The Buzz

America's Lethal New B-21 vs. the B-2 Stealth Bomber

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With the U.S. Air Force revealing concept art and a designation for its shadowy Northrop Grumman B-21 Long Range Strike-Bomber (LRS-B) last week, there are many details that we can now glean about the new warplane.

First and foremost, the new B-21 looks very similar to its B-2 Spirit predecessor. In fact, the new aircraft look startlingly similar to the original Advanced Strategic Penetration Aircraft (ASPA) and the later Advanced Technology Bomber concept from the 1980s that ultimately resulted in the B-2. But the Spirit was redesigned late in the game to operate at low altitudes after Dr. Paul Kaminski’s—current chairman of the Defense Science Board—Red Team cautioned that the B-2 might have to resort to low-level penetration as the Soviets built new, more capable radars—as legendary Aviation Week journalist Bill Sweetman points out in his book “Inside the Stealth Bomber.” The redesign caused a decrease in range and payload, as well as a larger radar cross-section.

If the current B-21 design is truly representative of the direction the Air Force is taking, the new aircraft will take the B-2’s all-aspect stealth design to the next level. Particularly, the B-21’s low observable design will be more effective against low frequency radars operating in the UHF and VHF bands, which are increasingly coming into vogue as a means to counter stealth aircraft. Indeed, as then Air Force chief of staff Gen. Norton Schwartz told the House Armed Services Committee in 2012, even the B-2 is starting to lose its ability penetrate hostile airspace. “The technology on which they were designed with respect to signature management . . . is ‘80s vintage,” Schwartz told the committee, adding, “the reality is that the B-2 over time is going to become less survivable in contested airspace.”

The B-21 design—which is similar to the original high-attitude optimized B-2 design—is built to counter the low frequency radars that can detect and track tactical fighter-sized stealth aircraft. Unlike an F-22 or F-35, which are designed to operate in an environment where the enemy might be aware of their presence, the B-2 and B-21 are designed to avoid detection altogether. Basically, the B-21 (and B-2 to an extent)—with its large flying-wing design—reduces its low frequency radar cross-section to the point where it blends in with the background noise inherent to those UHF/VHF band systems. That’s similar in concept to how a submarine hides in the background noise of the ocean. But—like all stealth aircraft—it will not be invisible. Stealth is not a cloak of invisibility, after all. Stealth technology simply delays detection and tracking.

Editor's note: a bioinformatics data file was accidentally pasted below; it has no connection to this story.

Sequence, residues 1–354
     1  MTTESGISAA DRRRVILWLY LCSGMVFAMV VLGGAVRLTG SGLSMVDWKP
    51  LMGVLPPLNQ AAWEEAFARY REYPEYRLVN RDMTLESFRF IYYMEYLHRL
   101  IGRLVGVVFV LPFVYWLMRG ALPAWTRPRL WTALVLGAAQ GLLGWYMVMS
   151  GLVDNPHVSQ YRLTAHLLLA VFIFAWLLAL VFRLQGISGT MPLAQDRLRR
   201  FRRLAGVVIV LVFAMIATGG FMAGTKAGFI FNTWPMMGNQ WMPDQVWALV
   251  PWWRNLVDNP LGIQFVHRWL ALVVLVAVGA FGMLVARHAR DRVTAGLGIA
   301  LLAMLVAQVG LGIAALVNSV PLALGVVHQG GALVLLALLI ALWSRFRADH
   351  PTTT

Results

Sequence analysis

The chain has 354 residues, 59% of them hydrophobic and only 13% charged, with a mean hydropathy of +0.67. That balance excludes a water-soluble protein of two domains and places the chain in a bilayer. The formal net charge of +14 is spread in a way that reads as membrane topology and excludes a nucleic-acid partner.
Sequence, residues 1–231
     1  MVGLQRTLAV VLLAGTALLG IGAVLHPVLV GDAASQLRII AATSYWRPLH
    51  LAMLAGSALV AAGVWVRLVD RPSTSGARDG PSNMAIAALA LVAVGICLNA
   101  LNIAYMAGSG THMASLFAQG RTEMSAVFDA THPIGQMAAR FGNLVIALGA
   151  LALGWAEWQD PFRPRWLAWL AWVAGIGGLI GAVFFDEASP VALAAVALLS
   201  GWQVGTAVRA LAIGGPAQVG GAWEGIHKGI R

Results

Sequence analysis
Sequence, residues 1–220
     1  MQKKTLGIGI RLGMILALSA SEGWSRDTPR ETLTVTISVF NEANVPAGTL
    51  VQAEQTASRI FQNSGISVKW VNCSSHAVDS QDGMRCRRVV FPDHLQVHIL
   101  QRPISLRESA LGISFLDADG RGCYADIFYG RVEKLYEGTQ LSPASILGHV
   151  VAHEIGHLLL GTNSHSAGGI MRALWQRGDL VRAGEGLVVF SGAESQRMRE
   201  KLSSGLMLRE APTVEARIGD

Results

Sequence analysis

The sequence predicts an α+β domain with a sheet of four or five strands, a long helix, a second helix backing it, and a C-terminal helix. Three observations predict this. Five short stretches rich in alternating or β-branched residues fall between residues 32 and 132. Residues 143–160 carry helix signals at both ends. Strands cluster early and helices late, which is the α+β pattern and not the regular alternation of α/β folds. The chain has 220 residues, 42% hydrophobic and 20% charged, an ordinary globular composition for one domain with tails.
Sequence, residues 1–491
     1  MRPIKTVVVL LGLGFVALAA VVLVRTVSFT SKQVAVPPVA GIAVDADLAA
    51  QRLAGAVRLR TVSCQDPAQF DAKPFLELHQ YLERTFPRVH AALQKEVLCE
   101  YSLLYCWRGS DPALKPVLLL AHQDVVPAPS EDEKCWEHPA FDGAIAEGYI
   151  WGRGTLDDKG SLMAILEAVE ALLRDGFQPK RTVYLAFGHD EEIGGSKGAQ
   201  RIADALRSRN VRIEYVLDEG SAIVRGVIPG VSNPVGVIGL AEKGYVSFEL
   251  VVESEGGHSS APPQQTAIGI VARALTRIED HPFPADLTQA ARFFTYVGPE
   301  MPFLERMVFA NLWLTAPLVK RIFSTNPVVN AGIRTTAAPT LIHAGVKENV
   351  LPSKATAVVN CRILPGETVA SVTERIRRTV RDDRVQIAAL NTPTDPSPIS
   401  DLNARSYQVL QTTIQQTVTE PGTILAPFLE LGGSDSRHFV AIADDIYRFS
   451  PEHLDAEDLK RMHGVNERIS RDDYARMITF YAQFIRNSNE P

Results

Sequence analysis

While the Air Force’s rendering of the B-21 gives us some clues as to the configuration of the new aircraft, most of its other parameters remain unknown. The B-21’s size and payload will largely be determined by whatever propulsion system is readily available to power it. Given that the LRS-B is slated to enter into service in the mid-2020s, the aircraft will necessarily have to use an existing engine design. Moreover, that engine must have a profile conducive to a stealth aircraft.

That would almost certainly rule out a commercial airliner engine derivative with a large bypass—such an engine would have an extremely large diameter even if it is highly efficient.

A more likely choice is a derivative of an existing military engine that is already in production. Possible choices could include unaugmented derivatives of the F-15 and F-16’s Pratt & Whitney F100 or General Electric F110. The F110, though an aged design, would give the LRS-B commonality with the Rockwell International B-1 Lancer and Northrop B-2 Spirit, both of which use engines from the same lineage. The B-1’s F101 was derived into the F110, which in turn was derived into the B-2’s F118 motors.

An F110 derivative does have its advantages, but the most likely candidate to power the LRS-B is an unaugmented version of the Pratt & Whitney F135, which in its current state offers roughly 28,000lbs of dry thrust. With some tweaks, such as an increased bypass ratio, a version of the F135 could probably produce more than 30,000lbs of thrust while potentially increasing fuel efficiency. With two such engines, an LRS-B would have less than the roughly 70,000lbs of thrust available to the B-2, but there are indications that the B-21 is smaller than the Spirit.

While the LRS-B might be provisioned to accommodate whatever engine ultimately comes to fruition from the Air Force’s adaptive-cycle engine program—variously called ADVENT, AETD and AETP—if the service is serious about an initial operational capability date around 2025, the new bomber will necessarily use an existing propulsion plant. It takes a long time and large sums of money to develop a new turbine engine. It’s also not an endeavor without risk—look no further than China’s frustrated efforts to develop an indigenous jet engine.